Within three years just about any community could build a community center with a canteen and build or acquire sufficient public housing to fulfill the fundamental elements of the required basic social services. This effort is easily within the grasp of most communities in the industrialized countries. While those are being built nothing else needs to change, and when they are completed and in operation the minimum wage can be abolished. Everyone is freed to work in whatever way they can and want to to earn monetary income. For many life will not have changed at all, they still have their job, go to work every day and earn similar incomes and pay similar taxes. For our governments the cost of delivering social services will have been transformed with plenty of workers delivering the services either completely voluntarily or at substantially lower montary cost, enabling them to balance their budgets while still supporting a vibrant and cohesive social structure.

The square can be circled. This is the option right in front of us that we have not seen. This is the solution, an alternative to socially destructive and ultimately self defeating cuts, that does not require unreasonable taxation, unsustainable borrowing or inflationary printing.

Rinse and repeat, until it sinks in.

After that, to find out more go to Standards of LIFE.

Congo’s fate is not its destiny

The ongoing war in the east of the Congo has its roots in the corrupt neglect of the “exploiting world” and the failure to adopt realistic social structures, which is not limited to the Congo but is prevalent across the “emerging world”.

The corrupt neglect of peoples, and their governments, in the parts of the world that industrialized first allows and encourages that chaos, because that gives them competitive advantage in access to the resources they need to feed their industrialized production systems. The failure of consuming countries to regulate the abroad activities of commercial concerns based in their territories is an abrogation of their own standards and principles. As laid out in the External Relations section of the Standards of LIFE, societies should adopt standards to govern their trade with other people, using the same principles they apply to themselves. In the Congo situation, this would mean that European companies would be required by their own domestic law to deal only with sanctioned representatives of the people of the Congo that also adhere to the Standards of LIFE.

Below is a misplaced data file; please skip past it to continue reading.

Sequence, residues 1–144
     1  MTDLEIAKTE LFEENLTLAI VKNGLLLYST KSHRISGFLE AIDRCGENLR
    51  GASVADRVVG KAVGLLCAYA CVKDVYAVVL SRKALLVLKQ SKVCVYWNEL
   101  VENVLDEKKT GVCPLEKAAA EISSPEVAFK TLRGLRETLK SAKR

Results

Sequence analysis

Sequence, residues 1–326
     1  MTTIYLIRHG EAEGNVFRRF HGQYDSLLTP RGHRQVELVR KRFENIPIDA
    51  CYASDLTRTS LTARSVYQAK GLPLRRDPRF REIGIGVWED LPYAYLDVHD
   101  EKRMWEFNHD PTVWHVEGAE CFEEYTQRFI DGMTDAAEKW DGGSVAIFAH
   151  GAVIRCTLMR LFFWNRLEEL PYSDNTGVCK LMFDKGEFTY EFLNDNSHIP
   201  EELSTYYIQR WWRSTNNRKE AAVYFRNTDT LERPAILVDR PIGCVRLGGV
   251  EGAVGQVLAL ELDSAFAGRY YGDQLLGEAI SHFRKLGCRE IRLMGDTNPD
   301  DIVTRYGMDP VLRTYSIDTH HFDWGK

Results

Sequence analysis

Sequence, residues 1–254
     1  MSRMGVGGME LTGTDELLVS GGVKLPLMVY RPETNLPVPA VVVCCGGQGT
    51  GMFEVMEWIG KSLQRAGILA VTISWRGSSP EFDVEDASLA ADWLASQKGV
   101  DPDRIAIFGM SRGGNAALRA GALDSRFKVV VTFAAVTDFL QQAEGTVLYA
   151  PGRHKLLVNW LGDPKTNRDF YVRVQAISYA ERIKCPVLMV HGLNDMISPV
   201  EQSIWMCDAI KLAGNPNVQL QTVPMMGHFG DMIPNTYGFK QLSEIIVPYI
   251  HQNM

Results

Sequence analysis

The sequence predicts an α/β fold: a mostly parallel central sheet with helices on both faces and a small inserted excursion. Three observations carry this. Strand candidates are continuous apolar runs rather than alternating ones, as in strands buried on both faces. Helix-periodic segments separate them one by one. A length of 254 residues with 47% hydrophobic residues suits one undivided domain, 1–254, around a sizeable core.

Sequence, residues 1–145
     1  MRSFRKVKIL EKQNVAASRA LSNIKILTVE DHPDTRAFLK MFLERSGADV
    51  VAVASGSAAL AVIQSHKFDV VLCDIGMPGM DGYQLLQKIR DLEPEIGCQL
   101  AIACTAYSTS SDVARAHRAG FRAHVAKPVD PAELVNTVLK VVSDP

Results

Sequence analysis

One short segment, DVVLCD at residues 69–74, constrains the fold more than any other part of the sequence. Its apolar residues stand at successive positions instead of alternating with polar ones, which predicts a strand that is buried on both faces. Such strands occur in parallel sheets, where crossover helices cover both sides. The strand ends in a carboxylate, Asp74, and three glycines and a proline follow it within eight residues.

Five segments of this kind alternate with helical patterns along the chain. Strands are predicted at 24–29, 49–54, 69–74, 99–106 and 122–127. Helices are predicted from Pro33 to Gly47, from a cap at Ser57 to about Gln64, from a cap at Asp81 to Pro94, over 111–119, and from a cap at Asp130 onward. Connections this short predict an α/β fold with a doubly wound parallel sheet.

The emerging world, sometimes called the developing world, is a group of all those people who are emerging from colonial pasts, and yet still subject to the structures of government and international relations that are cast in the old colonial mold. These structures are beneficial to the exploiting world because they provide a single point of corruption through which to access the resources they want. All this is exacerbated by the emerging world attempting to operate within geographies and boundaries that were defined to reflect colonial divisions of authority, not the natural human landscape on the ground.

If the people of the Congo, and its neighbors, were able to adopt the more natural and flexible structures of the Standards of LIFE they would create a more firmly grounded society that, in turn, would be better able to establish the rule of law, which would contain the poisonous leftovers of the Rwandan massacres of yesterday. The twin objectives of protecting people and nourishing their prosperity can be achieved through the adoption of properly representative and principled government in both the exploiting and the emerging worlds.

The Congo’s destiny is to be a propserous and peaceful region, but until the exploiting world takes responsibility for its own actions and the emerging world adopts new political structures that serve them more naturally, the Congo’s fate is the stuff of nightmares.